Few river systems remain unaltered by engineered water management structures. Yet research investigating the interdependence between natural and engineered components of a hydrologic system within a modeling framework is limited. Most current models either focus on the natural system, incorporating only a portion of the engineered structures and often excluding elements like reservoir operations, or focus on the engineered system, simplifying the temporal and spatial variations of the surface water/groundwater flow system. The objective of this work is to link an object-oriented model of surface water operations to a physically based, fully integrated surface/ subsurface hydrologic model to capture the effects of water management decisions on the groundwater and surface water flow systems. The capabilities of the new linked modeling framework are demonstrated in the heavily managed Lower Republican River Basin (LRRB) in portions of Nebraska and Kansas in the central United States. This area of the basin contains two storage reservoirs and a network of surface water canals from seven irrigation districts, in addition to thousands of diversions from groundwater and surface water irrigators. The linked model was able to reasonably represent the surface and groundwater flow conditions and demonstrated the interdependence between the surface water operations and the groundwater/surface water flow system. The temporal variability of groundwater/surface water interactions has a significant impact on reservoir operations and streamflow. This work demonstrated how integrating surface water operations and groundwater/surface water flow components into a model improves the representativeness of the simulated results and better captures the temporal and spatial variations in hydrologic processes occurring within the domain.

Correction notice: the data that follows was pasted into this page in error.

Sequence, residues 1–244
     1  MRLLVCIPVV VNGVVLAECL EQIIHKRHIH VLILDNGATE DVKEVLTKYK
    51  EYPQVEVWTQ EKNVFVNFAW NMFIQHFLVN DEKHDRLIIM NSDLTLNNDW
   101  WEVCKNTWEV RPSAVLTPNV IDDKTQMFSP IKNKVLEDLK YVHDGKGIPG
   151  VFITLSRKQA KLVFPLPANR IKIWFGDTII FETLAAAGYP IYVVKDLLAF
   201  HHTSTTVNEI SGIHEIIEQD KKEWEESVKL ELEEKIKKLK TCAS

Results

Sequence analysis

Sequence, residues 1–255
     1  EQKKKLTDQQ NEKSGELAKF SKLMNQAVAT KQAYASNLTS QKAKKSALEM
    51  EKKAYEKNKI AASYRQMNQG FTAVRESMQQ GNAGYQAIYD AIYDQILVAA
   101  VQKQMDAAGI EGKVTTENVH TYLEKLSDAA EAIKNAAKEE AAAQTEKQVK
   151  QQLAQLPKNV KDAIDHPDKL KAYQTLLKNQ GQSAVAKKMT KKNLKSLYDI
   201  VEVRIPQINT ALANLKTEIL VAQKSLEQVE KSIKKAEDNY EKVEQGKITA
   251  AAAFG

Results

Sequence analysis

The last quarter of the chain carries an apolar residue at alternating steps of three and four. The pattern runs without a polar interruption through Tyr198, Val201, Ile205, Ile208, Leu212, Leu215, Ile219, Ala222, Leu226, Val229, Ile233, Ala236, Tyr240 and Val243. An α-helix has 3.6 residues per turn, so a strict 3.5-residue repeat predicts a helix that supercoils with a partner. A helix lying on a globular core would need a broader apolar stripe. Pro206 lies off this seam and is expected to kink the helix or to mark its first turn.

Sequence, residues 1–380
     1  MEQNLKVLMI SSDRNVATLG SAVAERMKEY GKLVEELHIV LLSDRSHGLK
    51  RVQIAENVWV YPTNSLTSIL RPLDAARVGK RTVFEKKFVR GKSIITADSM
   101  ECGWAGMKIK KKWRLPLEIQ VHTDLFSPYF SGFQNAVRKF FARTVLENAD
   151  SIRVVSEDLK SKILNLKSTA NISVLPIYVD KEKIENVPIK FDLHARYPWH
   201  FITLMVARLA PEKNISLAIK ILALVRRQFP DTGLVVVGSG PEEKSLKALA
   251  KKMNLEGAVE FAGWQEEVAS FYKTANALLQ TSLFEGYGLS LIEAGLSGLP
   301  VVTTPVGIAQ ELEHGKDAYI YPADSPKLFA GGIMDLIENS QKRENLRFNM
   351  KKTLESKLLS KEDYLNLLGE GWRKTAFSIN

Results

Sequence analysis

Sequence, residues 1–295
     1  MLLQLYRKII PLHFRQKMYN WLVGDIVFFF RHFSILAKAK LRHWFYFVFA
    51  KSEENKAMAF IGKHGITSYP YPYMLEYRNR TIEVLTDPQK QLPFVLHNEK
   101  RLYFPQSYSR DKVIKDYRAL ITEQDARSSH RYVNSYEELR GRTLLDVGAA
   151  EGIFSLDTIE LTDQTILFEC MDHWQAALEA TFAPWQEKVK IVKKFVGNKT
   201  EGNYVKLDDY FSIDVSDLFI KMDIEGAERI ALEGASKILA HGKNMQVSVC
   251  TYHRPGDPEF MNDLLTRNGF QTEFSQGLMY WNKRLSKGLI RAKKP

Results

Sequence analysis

OASIS   lower Republican River model schematic